Half-modulation

The Star-Spangled Banner is a good example. When you get to "flag was still there," you have modulated to the dominant key. On the word "still" you have to use a note which is not in your original key. This is your modulating tone, and if you listen to it keenly, you can notice the strong upward thrust which characterizes a modulation to the dominant. It does not remain in the dominant key, however, but jumps immediately back to the original key with the words "Oh, say, does that." This is called a half-modulation since it does not stay in the new key long enough to establish it firmly; but it is a clean illustration of the point. A great many hymn tunes use this type of half-modulation.

Flow Gently, Sweet Afton has a long modulation to the dominant. The entire middle section,

"Thou stock dove, whose echo resounds from the hill,
Ye wild whistling blackbirds in yon thorny dell,"

is in the dominant key. Carry Me Back to Old Virginny has a similar modulation at about the same place.

Accidentals

As long as there are no notes in the music outside the key in which you are playing, there is no modulation. The modulation comes when the notes belonging to that new key appear. That is how the modulation is made. You can easily improvise a modulation by introducing the new notes of the new key. Thus, play up the C scale and then back to G and continue with F#-G-A-G. You will find that G now feels like the tonic; you have modulated to G. Not a very sturdy modulation, to be sure, but sufficient to make G feel like a fairly satisfactory ending. Now, if you want to get back to the key of C, simply play the F natural (Ffc|) rather firmly, and you will find that you now accept C as the tonic and won't be satisfied until you reach that as an ending.

Accidental tones outside the key, however, are also used merely to embellish regular melodic tones which have no tendency to modulate. Do not let these confuse you. A good example is in the trio (or chorus) of Stars and Stripes Forever. Play just the first few notes and you will find these embel­lishing notes:

5-5 4-3-3 2#-3-3

The 2# is not in the key of the piece but sounds a little more pointed than just 2 at that place. Try it without the sharp there; perhaps you will not notice the difference. You may have heard it that way; but Sousa wrote it with the 2 sharped, and it is certainly more artistic. However, these embellishing tones are never so important as the accidentals which cause modulation; they may perplex the player, but they probably will not hinder his playing the piece.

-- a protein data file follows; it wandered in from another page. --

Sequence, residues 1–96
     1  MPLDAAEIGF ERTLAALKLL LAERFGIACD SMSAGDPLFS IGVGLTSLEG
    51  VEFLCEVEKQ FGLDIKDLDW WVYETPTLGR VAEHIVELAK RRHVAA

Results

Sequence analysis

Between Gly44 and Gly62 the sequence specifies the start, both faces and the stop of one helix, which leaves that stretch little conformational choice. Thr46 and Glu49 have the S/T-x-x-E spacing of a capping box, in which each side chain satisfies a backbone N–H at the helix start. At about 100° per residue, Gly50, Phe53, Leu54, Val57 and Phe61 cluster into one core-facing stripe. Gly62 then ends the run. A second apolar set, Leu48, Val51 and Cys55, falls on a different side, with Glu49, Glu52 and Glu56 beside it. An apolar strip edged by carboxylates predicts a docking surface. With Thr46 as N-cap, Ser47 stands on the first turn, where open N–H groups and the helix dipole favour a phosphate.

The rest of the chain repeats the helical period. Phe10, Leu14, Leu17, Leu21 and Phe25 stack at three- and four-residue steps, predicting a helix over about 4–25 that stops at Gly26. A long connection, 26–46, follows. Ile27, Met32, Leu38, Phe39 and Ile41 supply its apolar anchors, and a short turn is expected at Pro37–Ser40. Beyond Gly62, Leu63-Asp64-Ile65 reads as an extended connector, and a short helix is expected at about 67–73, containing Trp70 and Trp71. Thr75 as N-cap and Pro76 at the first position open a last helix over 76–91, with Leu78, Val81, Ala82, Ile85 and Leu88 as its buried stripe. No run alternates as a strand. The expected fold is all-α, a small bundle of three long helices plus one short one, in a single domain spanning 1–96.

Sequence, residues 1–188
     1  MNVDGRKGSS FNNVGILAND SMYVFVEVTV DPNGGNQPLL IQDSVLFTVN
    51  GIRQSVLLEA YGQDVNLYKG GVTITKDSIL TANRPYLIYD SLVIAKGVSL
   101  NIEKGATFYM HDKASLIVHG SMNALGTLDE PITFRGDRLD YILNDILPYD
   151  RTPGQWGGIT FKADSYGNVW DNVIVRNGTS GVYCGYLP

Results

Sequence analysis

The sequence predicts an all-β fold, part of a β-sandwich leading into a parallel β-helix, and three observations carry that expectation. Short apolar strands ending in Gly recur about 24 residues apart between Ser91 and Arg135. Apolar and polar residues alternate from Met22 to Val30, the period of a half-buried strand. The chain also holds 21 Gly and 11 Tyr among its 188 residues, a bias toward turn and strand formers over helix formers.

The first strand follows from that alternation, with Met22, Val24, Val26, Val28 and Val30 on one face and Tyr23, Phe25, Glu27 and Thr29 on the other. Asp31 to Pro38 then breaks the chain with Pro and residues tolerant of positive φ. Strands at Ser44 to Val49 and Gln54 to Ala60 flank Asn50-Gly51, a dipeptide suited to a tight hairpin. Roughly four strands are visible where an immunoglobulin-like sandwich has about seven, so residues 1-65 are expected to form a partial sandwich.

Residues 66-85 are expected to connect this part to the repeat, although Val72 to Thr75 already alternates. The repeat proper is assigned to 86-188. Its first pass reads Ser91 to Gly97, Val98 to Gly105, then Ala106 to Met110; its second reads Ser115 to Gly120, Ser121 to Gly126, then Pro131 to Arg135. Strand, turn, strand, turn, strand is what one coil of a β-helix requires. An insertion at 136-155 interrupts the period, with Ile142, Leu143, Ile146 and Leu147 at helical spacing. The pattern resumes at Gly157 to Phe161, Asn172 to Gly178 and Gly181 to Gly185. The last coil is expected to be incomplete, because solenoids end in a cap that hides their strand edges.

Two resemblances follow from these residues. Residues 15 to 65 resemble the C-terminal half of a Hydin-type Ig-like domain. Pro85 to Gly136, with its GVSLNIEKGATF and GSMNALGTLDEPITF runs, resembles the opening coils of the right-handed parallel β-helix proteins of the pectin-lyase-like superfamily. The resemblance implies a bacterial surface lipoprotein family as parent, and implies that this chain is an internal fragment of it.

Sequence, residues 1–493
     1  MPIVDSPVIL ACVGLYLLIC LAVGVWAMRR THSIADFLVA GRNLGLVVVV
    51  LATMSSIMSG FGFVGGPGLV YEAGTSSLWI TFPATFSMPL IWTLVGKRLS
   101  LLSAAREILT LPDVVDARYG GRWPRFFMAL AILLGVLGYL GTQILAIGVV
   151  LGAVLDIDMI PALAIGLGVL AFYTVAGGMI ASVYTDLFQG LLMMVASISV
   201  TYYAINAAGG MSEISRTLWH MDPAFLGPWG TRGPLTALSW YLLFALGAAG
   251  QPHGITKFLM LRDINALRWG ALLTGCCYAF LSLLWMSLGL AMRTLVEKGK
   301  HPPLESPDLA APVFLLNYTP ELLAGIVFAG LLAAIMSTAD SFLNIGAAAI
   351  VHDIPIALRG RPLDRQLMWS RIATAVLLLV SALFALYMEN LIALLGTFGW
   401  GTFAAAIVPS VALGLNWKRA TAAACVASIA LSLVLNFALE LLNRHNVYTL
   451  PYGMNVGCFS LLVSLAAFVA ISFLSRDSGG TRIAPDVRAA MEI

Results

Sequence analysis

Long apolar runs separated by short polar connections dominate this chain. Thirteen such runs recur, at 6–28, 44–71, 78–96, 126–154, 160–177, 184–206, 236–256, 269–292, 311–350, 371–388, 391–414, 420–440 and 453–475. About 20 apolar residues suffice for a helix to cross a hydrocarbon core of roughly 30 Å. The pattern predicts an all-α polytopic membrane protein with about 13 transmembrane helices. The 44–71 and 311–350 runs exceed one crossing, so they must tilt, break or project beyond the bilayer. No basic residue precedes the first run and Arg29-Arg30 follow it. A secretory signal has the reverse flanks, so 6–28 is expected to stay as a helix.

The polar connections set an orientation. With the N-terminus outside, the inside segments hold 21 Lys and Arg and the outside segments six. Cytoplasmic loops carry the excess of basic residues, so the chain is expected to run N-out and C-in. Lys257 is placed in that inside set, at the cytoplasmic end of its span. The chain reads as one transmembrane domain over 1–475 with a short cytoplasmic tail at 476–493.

You are now ready to attempt a great number of pieces. A difficult piece which you have heard many times is often easier to play than a simple one with which you are only slightly acquainted. The following list is added to suggest numbers which will involve the modulations and accidental tones discussed in this chapter. The chief source of practice, however, will still be the list of pieces at the end of the second chapter. Play these in as many different keys as possible. The more familiar you are with these tunes, the easier you will find the harmonization suggested in the following chapters.

Tunes Which Use Tones Outside the Key

(The asterisks and daggers will be explained later)

 

scale tone on which it begins

  † America the Beautiful

5

** Farewell to Thee

5

†† The Last Rose of Summer

1

†† The Heavens Resound

5

†† How Can I Leave Thee?

3

** Santa Lucia

5

†† Sweet and Low

3

  † Till We Meet Again

3

  † Sailing

5

  † Columbia, the Gem of the Ocean

5

†† Marseillaise

5

†† God of Our Fathers

1

  † Perfect Day

5

†† Cantique de Noel

3

†† Palm Branches

5

†† Last Night the Nightingale Woke Me

5

†† On, Wisconsin

5

  † Jeanie with the Light Brown Hair

6

†† It's a Long Way to Tipperary (chorus)

3

  † What'll I Do

1

†† Alexander's Ragtime Band

3

** Stars of the Summer Night

5

** O Sole Mio

5

  † Minuet (PADEREWSCHI)

5

     Minuet (BEETHOVEN)

3

     Humoresque (DVORAK)

1

     In the Time of Roses

3

†† Smiles

5

†† Gypsy Love Song (chorus)

1

†† O Promise Me

5

†† Funiculi, Funicula

7

†† Washington Post

5

†† Semper Fidelis

5

†† My Heart at Thy Sweet Voice

5

†† Ave Maria (SCHUBERT)

1

†† Funeral March (CHOPIN) (trio)

3


WHAT TO DO

Practice all major scales hands alone, hands together,
   accenting every third note when flaying three
   octaves and every fourth note when playing four
   octaves. Avoid unnecessary motion.

Transpose the tunes you have learned to many different
keys.

Play the pieces with either hand or with both hands.
Listen to the tendencies of the notes. Curve the fingers